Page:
In its motion for summary judgment, the IRS argues that the CDP hearing met the requirements of § 6330 as the settlement officer has no prior dealings with Plaintiff's tax case and verified that the requirements of the applicable laws and administrative procedures. Moreover, the IRS argues that, by failing to respond to their request for documents and for a CDP hearing, Plaintiff failed to offer them any realistic collection alternatives to the federal tax levy. In his opposition, Plaintiff argues that (1) this motion is premature and that he requires a sixty day continuance to permit him to obtain the affidavit of Steven Goldman, Plaintiff's one-time personal representative and (2) a genuine issue of material fact exists because Plaintiff left Settlement Officer Dermody a voice mail message requesting a continuance of the September hearing and Dermody abused her discretion in denying such a continuance.

In this case, the Court finds that Settlement Officer Dermody did not abuse her discretion and met all hearing requirements under § 6330(b). Section 6330(b) requires that the hearing officer assigned to the case have no prior involvement with the particular unpaid tax liabilities which are the subject of the proposed collection activity and that the settlement officer verify that the requirements of any applicable law or administrative procedure have been met. See 26 U.S.C. § 6330(c)(1). It is clear that the IRS complied with these requirements as (1) Plaintiff's hearing was conducted by Dermody, who had no prior involvement with his tax liabilities (Dermody Decl. ¶¶ 1, 2, 5) and (2) that Dermody verified that the requirements of the applicable laws and administrative procedures were met. (Dermody ¶ 12.)

Plaintiff's argument that he was denied due process because he did not have sufficient time to collect the requested documents before the CDP hearing must be rejected for two reasons. First, because he never raised this issue at the administrative level, he is precluded from raising it now as this Court's review is limited to the administrative case history. See Camp v. Pitts, 411 U.S. 138, 142 (1973)("In applying that standard, the focal point for judicial review should be the administrative record already in existence, not some new record made initially in the reviewing court.") Second, from reviewing the numerous attempts at communication with the Plaintiff made by Dermody, it is evident that Plaintiff was provided with more than sufficient time to prepare and gather the necessary documents for a CDP hearing. It is important to note that Plaintiff himself started this process by requesting a CDP hearing on November 14, 2004. On July 20, 2005, Dermody sent a letter to Plaintiff scheduling a CDP hearing on August 24, 2005 and requested that Plaintiff provide her with a completed Collection Information Statement (Form 433-A) by August 5, 2005 and a copy of his 2004 income tax return by August 15, 2005. Thus, Plaintiff had more than two weeks to provide the IRS with a Collection Information Statement (a six-page document asking for basic financial information) and over three weeks to provide a copy of his 2004 income tax return but failed to provide them. Plaintiff also failed to appear (or arrange for a representative it appear by telephone) for the August 24, 2005 hearing (after being given over one month's notice) and failed to contact Dermody to request additional time. This process was repeated one month later when Dermody, in a letter dated September 12, 2005, offered Plaintiff a final opportunity for a CDP hearing on September 28, 2005 (with the relevant documents due on September 26, 2005). Again, Plaintiff failed to provide the requested documents or attend the hearing.*fn5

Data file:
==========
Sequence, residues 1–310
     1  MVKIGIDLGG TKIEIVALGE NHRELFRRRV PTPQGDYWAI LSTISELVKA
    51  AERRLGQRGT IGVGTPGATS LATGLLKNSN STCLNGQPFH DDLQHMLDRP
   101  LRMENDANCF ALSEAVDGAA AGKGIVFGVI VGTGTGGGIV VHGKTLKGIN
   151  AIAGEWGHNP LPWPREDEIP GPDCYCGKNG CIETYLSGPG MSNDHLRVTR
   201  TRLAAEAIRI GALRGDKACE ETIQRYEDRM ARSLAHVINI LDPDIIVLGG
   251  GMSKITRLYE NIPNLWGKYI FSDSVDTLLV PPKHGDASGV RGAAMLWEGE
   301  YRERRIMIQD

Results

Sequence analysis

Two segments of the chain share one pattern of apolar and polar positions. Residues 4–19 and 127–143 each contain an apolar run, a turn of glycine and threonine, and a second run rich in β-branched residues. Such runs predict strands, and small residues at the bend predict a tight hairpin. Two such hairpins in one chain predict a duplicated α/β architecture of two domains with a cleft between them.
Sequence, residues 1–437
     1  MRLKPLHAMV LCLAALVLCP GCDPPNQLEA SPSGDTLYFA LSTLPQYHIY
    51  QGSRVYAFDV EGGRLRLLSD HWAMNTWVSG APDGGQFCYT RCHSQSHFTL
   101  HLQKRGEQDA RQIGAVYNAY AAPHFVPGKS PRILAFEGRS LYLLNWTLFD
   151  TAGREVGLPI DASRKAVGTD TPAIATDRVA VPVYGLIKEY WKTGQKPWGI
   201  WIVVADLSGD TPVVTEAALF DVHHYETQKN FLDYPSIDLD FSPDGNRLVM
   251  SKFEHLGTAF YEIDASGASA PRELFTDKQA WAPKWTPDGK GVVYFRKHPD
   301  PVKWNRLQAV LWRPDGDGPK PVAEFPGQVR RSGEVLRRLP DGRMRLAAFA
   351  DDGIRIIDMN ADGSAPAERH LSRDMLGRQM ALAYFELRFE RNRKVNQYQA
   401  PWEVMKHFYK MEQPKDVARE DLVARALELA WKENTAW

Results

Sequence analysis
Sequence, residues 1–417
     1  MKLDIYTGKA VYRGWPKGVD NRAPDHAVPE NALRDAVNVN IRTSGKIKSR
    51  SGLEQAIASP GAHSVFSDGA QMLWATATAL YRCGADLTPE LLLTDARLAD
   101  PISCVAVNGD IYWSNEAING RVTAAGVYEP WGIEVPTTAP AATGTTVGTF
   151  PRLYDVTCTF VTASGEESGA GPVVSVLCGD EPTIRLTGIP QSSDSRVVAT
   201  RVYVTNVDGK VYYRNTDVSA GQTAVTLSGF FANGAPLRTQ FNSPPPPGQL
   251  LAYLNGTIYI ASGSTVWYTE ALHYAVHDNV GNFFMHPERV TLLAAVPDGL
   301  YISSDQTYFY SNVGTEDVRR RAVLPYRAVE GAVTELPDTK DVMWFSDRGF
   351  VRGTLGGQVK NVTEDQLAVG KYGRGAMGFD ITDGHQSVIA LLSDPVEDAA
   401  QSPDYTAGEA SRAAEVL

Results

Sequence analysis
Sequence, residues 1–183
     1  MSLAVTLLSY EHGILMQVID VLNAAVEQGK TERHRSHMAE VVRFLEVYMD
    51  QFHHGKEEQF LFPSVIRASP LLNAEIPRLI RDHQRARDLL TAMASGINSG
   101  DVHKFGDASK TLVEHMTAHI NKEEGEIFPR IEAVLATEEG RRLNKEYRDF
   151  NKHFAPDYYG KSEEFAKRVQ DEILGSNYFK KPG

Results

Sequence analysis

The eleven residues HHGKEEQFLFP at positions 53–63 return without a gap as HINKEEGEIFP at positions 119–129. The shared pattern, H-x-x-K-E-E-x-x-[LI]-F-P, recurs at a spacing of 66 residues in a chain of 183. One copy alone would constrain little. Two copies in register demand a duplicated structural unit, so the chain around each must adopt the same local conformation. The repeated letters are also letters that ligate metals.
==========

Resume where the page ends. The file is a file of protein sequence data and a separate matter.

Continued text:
Second, it is also clear that Plaintiff failed to offer a realistic collection alternative to the federal tax levy. Under § 6330(c)(3), the settlement officer must consider whether a proposed collection alternative balances the need for the efficient collection of the revenue with the legitimate concern that the collection action be no more intrusive than necessary. 28 U.S.C. § 6330(c)(3). In this case, Plaintiff proposed in his request for a hearing that he would submit a compromise offer as a collection alternative in his request for a hearing. Plaintiff, however, failed to do so as he never provided Settlement Officer Dermody with the necessary documents (the requested Collection Information Statement and a copy of his 2004 income tax return) that would allow her to consider such a compromise. Moreover, neither he nor a representative appeared for his CDP hearing --- despite the fact that Dermody had given Plaintiff two opportunities to do so --- or contacted Dermody to request rescheduling the CDP hearing or additional time to provide Dermody with the requested documents.*fn6


For all of the reasons discussed above, Defendant Internal Revenue Service's motion for summary judgment will be granted. The accompanying Order shall be entered.

JEROME B. SIMANDLE United States District Judge